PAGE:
Monday, 15 April 2019

"I Bought My First Camera with My JAMB Registration Fee" - Klala Photography Boss, Adebusoye Ayokunle

My love for photography started while I was a child; I remember buying a camera with money meant for my JAMB registration form back in secondary school just because it was my cousin’s birthday party and I wanted to snap good photos at the event. While I was in University, I was the social director of the student union. I got a digital camera from my brother in the US which was of great use to me throughout my tenure as the social director of the student union government. I ensured that I documented all of our events with the use of my camera; I photographed our jambite nights, award nights, Mr & Miss campus, and the most beautiful girl in Ekiti pageant. Honestly, I never knew I’d become a successful professional photographer, I only knew I had a flair for photography. I’ve always been a fun loving and very social individual; I got a job as the presenter of ‘reggae splash’ on progress fm while I was the social director of the student union government in school and I had to juggle these with my studies.

I started professional photography in the year 2011. It wasn’t an easy journey from the aviation industry to photography. It was quite challenging leaving a paid job at Virgin Nigeria to start up a career as an entrepreneur. It was a story of real hustle for customers in the beginning because social media wasn’t this big, it was all about referrals and who you knew. I remember meeting an event planner who asked me about the type of camera I was working with, I told her I was using a canon 7D, and she told me point-blank that she couldn’t work with me because her photographers had more sophisticated cameras. Back then, as a photographer, you had to market your brand on your own, and that was quite challenging. I was able to breakthrough because I didn’t give up; I was very consistent.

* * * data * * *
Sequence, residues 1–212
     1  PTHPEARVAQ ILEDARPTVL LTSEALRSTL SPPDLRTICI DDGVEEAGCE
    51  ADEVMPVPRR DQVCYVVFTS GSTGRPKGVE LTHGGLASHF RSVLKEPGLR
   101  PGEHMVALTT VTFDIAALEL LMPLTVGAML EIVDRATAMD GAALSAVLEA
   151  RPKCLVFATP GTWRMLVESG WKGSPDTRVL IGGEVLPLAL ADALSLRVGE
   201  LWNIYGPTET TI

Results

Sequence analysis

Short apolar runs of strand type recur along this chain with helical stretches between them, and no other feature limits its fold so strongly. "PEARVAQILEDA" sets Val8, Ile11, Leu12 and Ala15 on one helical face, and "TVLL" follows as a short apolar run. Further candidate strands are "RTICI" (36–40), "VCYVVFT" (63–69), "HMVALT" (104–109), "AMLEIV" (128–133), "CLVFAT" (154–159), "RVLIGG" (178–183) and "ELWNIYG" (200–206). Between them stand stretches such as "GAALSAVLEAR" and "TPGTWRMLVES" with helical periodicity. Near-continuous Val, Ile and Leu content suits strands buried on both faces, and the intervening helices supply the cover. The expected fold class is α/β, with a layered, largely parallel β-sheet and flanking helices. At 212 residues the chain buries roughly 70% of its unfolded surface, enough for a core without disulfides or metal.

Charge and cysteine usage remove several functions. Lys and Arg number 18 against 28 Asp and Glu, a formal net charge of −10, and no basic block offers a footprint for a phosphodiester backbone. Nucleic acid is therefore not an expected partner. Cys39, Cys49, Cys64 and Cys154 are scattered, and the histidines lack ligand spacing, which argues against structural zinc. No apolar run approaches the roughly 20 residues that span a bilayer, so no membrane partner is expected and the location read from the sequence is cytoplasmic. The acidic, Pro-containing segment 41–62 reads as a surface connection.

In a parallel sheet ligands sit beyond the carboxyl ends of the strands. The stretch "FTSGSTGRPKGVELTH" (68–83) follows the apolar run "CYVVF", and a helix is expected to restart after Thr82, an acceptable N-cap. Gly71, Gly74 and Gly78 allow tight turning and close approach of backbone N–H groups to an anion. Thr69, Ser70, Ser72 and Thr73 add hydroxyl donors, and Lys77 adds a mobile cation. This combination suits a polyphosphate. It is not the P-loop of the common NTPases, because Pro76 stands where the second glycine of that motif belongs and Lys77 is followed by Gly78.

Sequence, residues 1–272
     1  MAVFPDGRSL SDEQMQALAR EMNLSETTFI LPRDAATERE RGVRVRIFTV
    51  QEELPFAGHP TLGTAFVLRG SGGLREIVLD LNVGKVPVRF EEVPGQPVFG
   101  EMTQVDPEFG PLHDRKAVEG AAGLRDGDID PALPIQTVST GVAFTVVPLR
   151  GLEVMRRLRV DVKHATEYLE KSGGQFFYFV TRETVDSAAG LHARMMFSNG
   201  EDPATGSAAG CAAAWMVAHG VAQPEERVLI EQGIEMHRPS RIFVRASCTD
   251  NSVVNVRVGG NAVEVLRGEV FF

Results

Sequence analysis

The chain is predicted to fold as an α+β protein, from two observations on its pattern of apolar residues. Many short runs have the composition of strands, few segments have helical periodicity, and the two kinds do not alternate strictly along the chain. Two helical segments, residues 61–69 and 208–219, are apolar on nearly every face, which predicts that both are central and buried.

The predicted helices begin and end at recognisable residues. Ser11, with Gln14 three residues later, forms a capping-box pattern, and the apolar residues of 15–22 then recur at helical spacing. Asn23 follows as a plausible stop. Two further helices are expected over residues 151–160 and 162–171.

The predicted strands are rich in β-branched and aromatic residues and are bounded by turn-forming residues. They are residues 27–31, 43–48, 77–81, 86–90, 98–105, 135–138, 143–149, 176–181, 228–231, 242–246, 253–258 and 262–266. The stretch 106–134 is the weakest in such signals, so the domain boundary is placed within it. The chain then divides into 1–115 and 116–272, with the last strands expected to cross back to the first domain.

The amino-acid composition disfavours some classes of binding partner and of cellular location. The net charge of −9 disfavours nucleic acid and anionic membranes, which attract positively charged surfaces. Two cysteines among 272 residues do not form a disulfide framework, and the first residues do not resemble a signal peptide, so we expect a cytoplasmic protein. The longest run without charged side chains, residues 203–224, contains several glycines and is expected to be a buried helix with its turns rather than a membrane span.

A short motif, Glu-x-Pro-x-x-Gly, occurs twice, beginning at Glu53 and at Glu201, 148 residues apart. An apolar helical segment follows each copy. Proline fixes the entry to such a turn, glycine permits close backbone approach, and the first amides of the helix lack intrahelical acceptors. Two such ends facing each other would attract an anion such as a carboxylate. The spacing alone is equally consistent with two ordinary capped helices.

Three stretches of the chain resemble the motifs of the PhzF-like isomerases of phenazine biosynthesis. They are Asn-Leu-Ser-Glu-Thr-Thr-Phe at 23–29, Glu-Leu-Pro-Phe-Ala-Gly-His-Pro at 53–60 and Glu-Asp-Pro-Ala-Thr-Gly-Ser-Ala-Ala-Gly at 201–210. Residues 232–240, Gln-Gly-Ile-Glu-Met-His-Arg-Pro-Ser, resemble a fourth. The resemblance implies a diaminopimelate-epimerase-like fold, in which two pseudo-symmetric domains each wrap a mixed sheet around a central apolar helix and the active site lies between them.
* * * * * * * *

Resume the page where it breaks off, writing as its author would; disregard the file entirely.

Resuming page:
When I joined Instagram, I didn’t know about its benefits so I only used to post my personal photos. I would pose like a King, and take flashy photos to post until I stumbled on pages of some photographers who had a lot of followers and a compilation of their works displayed on Instagram. This was the moment I took Instagram as a big deal, deleted all of my personal photos and started posting my works until Bella Naija posted one of them. This photo got a lot of likes, but nobody knew who the photographer was because I didn’t add any tags. So, I made a serious effort to learn how to use Instagram well. After this realization, I made Instagram my first office; I resume on Instagram before heading to my physical office in Lekki phase 1. I am very grateful that we currently have an average of 700 people contacting us from Instagram in 6 months. Instagram is the best thing that has happened to my business.

A lot of people see us at Klala Photography as just wedding photographers, but
the truth is, we actually do other forms of photography such as street journalism, wildlife, and sports, but all of these don’t pay well in Nigeria the way wedding photography does. One good thing about us is that we don’t limit ourselves to photography, we do videography; we actually started the concept of ‘wedding video like a movie’ because I come from a background of musical videos.

To a great extent, I am fulfilled, but I’m not entirely fulfilled because I haven’t trained as many photographers as I really want to train. I want to give back to the society, train less privileged photographers and equip them with the right gadgets for the profession. I have been able to train some boys, but I intend to raise the number because I derive so much pleasure in training and empowering people. I also want to expand my business and learn more. I am currently back in school studying ownership management program at LBS, Lekki, Lagos. I think this is the best decision I’ve made in my life.

My name is Adebusoye Ayokunle, I am from Ondo state. I studied Accounting at the University of Ado Ekiti. Three months after my youth service, I got my first job with Aviation Logistics for Virgin Atlantic at the International Airport. I was there for three years until Virgin Nigeria came. I resigned and got a job at Virgin Nigeria as a ticketing officer but later resigned to study photography in the US, and also London School of Photography. 

This interview was conducted by Qismat Yinus, publisher,

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